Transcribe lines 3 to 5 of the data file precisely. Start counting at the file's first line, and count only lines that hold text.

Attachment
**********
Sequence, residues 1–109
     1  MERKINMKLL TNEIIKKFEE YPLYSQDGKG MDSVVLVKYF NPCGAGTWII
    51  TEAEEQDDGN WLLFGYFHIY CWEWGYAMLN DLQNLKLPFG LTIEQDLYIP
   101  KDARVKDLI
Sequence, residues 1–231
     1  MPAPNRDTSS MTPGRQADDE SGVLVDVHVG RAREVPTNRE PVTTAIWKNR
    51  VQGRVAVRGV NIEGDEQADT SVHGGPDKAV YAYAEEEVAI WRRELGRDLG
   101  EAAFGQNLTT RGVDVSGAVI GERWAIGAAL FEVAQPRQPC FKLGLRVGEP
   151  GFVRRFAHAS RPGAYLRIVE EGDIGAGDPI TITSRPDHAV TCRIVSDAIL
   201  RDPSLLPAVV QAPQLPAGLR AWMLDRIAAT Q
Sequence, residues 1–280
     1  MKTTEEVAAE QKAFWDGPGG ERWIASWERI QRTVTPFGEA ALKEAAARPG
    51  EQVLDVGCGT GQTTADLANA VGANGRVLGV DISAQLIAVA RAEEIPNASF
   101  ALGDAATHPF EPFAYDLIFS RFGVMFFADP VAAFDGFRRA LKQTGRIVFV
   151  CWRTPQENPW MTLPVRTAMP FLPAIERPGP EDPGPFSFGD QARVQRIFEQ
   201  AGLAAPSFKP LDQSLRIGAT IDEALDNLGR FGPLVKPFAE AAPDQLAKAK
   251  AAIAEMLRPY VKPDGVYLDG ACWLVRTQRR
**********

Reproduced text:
    51  TEAEEQDDGN WLLFGYFHIY CWEWGYAMLN DLQNLKLPFG LTIEQDLYIP
   101  KDARVKDLI
Sequence, residues 1–231